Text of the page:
Signup to receive email updates

or follow our RSS feed

follow our RSS feed

Blog Banner

Chicago Urban Gardening

The day to day experiences of a University of Illinois Extension Urban Horticulture Educator in Chicago, Illinois
Shade Tree

Anthracnose of Shade Trees

Posted by Ron Wolford -

Spring weather promotes growth of trees, flowers, and lawns, but also spurs many diseases that attack the plants, said a University of Illinois Extension horticulture educator.

"None of these diseases is probably more noticeable and frustrating than shade tree anthracnose," said David Robson. "Anthracnose affects most of the major shade trees. However, while symptoms appear similar, different fungal organisms affect different plants."

Anthracnose thrives and develops when spring temperatures are on the cool side and moisture is adequate. The spring of 2008 has been ideal for this problem. The good news is that while disease symptoms increase as temperatures become warmer, when temperatures move into the 80s consistently the infections become less and less.

"The disease causes spots or lesions on leaves, flowers, twigs, and branches," said Robson. "Lesion colors range from tan to brown to olive green to black. Leaves curl, die, and fall off. Many trees appear defoliated or sparsely leafed out. Symptoms are noticeable during the latter part of May and into June.

"Trees usually affected include ash, birch, catalpa, dogwood, elm, hickory, linden, maple, oak, poplar (including cottonwood and aspen), tulip tree, and walnut."

However, he added, no tree gets hit as much as the sycamore, which has lived with the disease since records have been kept.

"Just looking at sycamore should give the gardener a clue as to the amount of damage to expect on other plants," he said.

In most cases, the disease starts out as small, irregular-shaped spots on the leaf, usually at the leaf margins or tips. Spots enlarge and leaves may curl. The oldest leaves appear infected first, but newer leaves can show symptoms if the weather is ideal.

"The color of the lesions varies," he said. "Dogwood exhibits a dark purple color. Elms show a gray to black color while lindens are light brown with some yellow."

Ash, maple, and sycamores are most often the hardest hit. Ash trees start with tan to brown lesions on the leaflets, usually at the margins or along the veins. Leaves curl, become distorted, and fall.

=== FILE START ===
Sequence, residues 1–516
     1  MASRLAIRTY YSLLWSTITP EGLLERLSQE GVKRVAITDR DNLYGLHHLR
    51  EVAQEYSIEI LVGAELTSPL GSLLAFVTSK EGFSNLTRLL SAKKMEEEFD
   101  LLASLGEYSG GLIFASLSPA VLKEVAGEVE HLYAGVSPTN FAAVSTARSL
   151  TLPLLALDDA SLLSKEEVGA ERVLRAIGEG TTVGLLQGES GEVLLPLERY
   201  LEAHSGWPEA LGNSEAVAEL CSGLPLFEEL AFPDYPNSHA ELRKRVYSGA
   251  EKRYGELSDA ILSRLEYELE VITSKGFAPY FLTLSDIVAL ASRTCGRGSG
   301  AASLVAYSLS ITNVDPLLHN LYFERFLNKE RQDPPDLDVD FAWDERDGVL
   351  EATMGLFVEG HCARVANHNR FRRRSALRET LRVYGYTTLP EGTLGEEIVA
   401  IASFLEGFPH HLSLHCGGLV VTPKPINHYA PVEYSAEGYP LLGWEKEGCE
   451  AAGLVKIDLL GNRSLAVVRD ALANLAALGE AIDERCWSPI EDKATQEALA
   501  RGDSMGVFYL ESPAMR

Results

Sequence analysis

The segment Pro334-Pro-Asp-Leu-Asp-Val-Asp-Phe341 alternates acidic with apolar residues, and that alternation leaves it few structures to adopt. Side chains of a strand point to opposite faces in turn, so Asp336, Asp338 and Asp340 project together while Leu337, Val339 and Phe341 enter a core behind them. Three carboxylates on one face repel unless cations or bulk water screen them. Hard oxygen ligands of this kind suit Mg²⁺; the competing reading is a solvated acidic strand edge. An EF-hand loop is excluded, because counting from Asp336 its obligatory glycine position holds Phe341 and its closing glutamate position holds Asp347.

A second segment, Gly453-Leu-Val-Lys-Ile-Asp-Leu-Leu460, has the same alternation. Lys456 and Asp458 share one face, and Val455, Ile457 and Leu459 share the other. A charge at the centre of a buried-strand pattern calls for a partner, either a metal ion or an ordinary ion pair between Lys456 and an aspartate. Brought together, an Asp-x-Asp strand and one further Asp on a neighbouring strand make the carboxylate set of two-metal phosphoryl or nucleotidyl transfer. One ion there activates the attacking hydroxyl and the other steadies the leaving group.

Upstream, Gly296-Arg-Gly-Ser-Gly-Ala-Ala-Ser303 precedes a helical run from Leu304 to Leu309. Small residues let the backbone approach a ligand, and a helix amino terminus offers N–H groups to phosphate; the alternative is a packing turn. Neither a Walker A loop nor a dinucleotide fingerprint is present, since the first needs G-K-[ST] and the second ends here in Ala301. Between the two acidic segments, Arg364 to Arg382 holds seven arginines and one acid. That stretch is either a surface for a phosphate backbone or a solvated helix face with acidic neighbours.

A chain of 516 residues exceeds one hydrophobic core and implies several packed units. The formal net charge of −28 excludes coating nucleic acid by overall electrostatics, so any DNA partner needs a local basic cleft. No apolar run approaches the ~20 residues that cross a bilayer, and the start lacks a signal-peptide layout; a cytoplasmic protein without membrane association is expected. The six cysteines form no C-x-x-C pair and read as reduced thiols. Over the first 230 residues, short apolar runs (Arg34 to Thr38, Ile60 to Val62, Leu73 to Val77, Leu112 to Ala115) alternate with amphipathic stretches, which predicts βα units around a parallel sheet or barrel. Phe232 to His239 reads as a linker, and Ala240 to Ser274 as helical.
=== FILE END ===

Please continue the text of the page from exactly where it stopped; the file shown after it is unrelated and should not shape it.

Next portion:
"Maple infections vary," Robson said. "Japanese maple shoots may turn black and shrivel. Purple or brown streaks develop along the veins of Norway maples, including the 'Crimson King' varieties. Greenish brown to reddish brown spots form between the veins of sugar maples. Spots merge as they get larger and leaves curl."

Sycamore anthracnose appears the most serious, though the trees recover easier than any others. Leaves develop brown lesions along the veins. Entire leaves then turn brown, curl, and fall. Sycamore anthracnose also attacks twigs and young shoots, girdling them, and causing them to die back and drop.

"Trees seldom die as a result of anthracnose," he said. "Most have the ability to produce new sets of leaves. Since environmental conditions are different in June and July, anthracnose fungal spores seldom infect new leaves and twigs.

"However, producing new leaves does limit the tree's growth and reduces the food reserves. Repeated infections over the years can reduce the plant's vigor and make it more susceptible to other disease and insect problems."

Control, Robson noted, is difficult. Protective fungicide sprays are usually too late and too costly to provide any acceptable control except on small trees.

"Sanitation is crucial for good control," he said. "Rake up fallen leaves and branches. Leaves may be composted to kill the disease spores if the compost pile reaches 140 degrees or more."

Trees should be fertilized in the late fall to maintain the plant's vigor. Watering may be necessary throughout the summer to reduce the tree's stress.

"Water thoroughly and deeply as opposed to small amounts daily," he said. "Make sure the tree is mulched with two to four inches of wood chips."

Source: David J. Robson, Extension Educator, Horticulture,

Please share this article with your friends!
Share on Facebook Tweet on Twitter Pin on Pinterest


Email will not display publicly, it is used only for validating comment